Columbia Confronts the Ebola Crisis

The real-life global problem: Ebola outbreak. The challenge: to develop low-cost technology-driven solutions to meet the tremendous challenges posed by the Ebola crisis.

In front of a panel of public health specialists and engineers on Oct. 15, 11 Columbia teams presented their designs or rough prototypes that address the Ebola crisis.
—Video by Jane Nisselson

Realizing the urgency to control the outbreak, the deans at Columbia Engineering and the Mailman School of Public Health are sponsoring a rapid-fire design challenge to confront the Ebola crisis. The idea behind the challenge is to not only come up with rapid low-cost, real-time solutions, from concept to deployment, but also engage the Columbia community—from all disciplines—to take action, collaborate, and have an impact on this critical global issue.

“Engineers create solutions that address global challenges,” says Mary C. Boyce, dean of Columbia Engineering. “There is an urgent need for innovative, cost-effective solutions to de-escalate this public health crisis, and so we are encouraging our students and faculty from across the University to concentrate their creative energies on working on innovations to ameliorate this situation.” 

Eleven teams of students—both undergrads and grads—and faculty from the Engineering School, Mailman, SIPA, Columbia College, the Graduate School of Architecture, Planning, and Preservation, among others—are in the midst of producing practical designs or rough prototypes to help significantly reduce the number of people who are dying from Ebola or stop the spread of the lethal disease. In the coming weeks, the Engineering School and Mailman will continue to shape some of the more promising design solutions that have been presented, including garnering feedback from infectious disease experts from the World Health Organization, Centers for Disease Control and Prevention, and Médecins Sans Frontières. The goal is to help quickly fund the design of a viable prototype and pursue more support for actual deployment and use.

To date, potential solutions that have been proposed include a low-cost pigmented bleach solution, a decontaminating bleach foam, an Ebola-specific containment suit, a portable chlorine dioxide decontamination chamber, and a mobile platform for rapid response, patient care, and data tracking. In less than two weeks, participants formed teams, worked 24/7 in brainstorming sessions, developed and then presented their proposals to a panel of experts, comprising leading public health specialists and engineers, including Dean Mary C. Boyce, Mechanical Engineering Chair Jeffrey Kysar, and Mailman’s W. Ian Lipkin, an authority on epidemiology and outbreak response.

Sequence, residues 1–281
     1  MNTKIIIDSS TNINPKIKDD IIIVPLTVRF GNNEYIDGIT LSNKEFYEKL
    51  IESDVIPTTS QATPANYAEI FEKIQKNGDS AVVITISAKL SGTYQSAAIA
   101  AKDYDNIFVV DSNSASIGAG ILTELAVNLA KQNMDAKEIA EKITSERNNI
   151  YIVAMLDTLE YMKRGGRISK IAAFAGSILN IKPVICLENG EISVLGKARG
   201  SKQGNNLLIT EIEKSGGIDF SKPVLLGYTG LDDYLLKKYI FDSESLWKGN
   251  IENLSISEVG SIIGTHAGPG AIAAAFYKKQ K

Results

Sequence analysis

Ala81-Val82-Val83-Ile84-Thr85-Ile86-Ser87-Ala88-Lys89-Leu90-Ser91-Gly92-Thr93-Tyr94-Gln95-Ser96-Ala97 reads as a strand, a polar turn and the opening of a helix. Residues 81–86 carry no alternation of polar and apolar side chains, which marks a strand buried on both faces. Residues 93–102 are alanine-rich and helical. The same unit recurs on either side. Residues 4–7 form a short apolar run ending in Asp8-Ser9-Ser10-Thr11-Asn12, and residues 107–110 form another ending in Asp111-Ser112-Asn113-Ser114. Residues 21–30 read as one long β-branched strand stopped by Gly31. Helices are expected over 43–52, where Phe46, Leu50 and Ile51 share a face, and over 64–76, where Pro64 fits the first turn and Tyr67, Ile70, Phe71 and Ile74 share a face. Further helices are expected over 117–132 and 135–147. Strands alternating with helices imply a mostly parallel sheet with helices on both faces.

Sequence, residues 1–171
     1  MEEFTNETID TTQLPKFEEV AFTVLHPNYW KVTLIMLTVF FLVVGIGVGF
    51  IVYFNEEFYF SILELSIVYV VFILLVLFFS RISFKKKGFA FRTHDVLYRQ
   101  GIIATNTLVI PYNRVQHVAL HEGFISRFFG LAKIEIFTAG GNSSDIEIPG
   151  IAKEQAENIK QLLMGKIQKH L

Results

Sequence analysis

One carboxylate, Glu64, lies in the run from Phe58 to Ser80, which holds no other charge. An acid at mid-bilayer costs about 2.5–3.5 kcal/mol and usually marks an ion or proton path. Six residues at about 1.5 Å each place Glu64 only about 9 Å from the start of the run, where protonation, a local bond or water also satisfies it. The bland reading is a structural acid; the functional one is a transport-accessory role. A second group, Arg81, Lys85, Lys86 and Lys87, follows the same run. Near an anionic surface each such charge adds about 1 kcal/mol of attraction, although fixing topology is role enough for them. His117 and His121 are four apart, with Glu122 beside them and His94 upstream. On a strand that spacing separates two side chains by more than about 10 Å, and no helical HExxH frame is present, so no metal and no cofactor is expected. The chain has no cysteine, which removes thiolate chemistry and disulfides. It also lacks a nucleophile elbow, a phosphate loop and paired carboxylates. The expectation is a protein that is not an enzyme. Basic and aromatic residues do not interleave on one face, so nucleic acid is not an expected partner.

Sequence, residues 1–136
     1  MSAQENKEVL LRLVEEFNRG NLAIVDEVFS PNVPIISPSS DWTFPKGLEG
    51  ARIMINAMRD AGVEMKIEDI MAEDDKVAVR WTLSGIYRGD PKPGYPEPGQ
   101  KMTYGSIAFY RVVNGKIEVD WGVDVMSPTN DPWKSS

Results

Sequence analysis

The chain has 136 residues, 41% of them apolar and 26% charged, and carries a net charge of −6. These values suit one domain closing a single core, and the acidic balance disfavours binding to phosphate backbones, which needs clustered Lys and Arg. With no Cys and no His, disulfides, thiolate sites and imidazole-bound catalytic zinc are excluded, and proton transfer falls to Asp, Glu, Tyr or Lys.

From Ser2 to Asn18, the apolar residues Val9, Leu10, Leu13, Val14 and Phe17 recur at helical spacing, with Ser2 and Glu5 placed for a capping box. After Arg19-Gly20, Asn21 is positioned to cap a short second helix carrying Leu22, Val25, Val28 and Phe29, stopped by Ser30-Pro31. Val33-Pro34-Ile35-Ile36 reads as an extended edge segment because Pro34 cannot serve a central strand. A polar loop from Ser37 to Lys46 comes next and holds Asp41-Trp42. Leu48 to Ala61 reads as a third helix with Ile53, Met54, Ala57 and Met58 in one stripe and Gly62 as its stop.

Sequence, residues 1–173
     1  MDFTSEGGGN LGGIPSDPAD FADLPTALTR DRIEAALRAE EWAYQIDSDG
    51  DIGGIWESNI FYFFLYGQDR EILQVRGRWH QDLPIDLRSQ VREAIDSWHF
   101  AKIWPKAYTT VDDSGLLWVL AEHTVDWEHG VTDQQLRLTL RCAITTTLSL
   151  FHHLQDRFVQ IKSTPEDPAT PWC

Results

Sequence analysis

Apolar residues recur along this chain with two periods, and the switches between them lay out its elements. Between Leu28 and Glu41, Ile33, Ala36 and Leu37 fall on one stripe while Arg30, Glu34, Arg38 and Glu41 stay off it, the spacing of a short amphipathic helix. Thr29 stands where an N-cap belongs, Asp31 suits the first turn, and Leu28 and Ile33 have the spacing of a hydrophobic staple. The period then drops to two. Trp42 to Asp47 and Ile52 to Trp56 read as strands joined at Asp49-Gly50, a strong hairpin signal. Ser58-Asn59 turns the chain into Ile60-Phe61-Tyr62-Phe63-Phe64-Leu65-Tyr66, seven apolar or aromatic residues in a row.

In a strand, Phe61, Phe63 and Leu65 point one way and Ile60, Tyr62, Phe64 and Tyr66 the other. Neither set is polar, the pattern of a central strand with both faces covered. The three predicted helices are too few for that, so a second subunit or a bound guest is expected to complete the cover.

For Engineering junior Jason Kang and others who are participating in the rapid-fire design challenge, the chance to come up with an engineering solution in real time with real impact is what becoming an engineer is all about. It is one of the reasons why he chose to pursue biomedical engineering in the first place: to solve difficult problems that will improve the health status of the world.

“I was extremely excited when I saw that Columbia was holding this challenge,” says Kang. “I believe challenges with real-world applications will greatly improve the culture of innovation and social impact at Columbia.” 

Click on the image to view a slideshow from the panel sessions. slideshow
—Photos by Timothy Lee Photographers

The challenge fell right in the middle of midterms, but, notes Lipkin, even that did not deter student interest. “They really want to do something,” he says. “It’s really great.” Adds Boyce, “I am impressed with what they have been able to come up with in such a short amount of time.”

Of the 11 proposals on the table, the presentation by Kang and his teammates, who include computer science senior Justin Zhao and Columbia College students, Katherine Jin and Kevin Tyan, addresses a critical problem: how to better protect the many health care workers who are at high risk for infection. They zoned in on personnel decontamination, and have created a pigmented bleach solution that enables health care workers to visualize with color exactly what has or has not been decontaminated. In addition, their team designed the formula to be flexible, to slowly lose its color after about 15 minutes (the timing is adjustable) so that users can spray the pigmented bleach solution on reusable items without worrying about color staining, and the color change will also inform them when sufficient time has passed for Ebola to be neutralized.

“We're hoping that this will ultimately reduce the number of health care workers getting infected,” says Kang. “It's a simple idea that we think could be implemented immediately in the field.”

Another proposal involves a low-cost, durable method for transporting patients with infectious diseases like Ebola from rural areas to medical centers. A team of students majoring in civil engineering and biomedical engineering are developing a disposable disease containment suit that promotes body temperature regulation, air ventilation, electrolyte/hydration exposure, urine/feces containment, and vomit containment.

Ritish Patnaik, a junior in biomedical engineering and part of two teams, says the design challenge has been exciting and a lot of fun. “I've really enjoyed bouncing ideas off of other Columbia students and designing projects that could make a real impact in the coming months,” says Patnaik, “and I appreciate the fact that this same inventive, constructive environment is present when my team works together as well.”

—by Melanie A. Farmer

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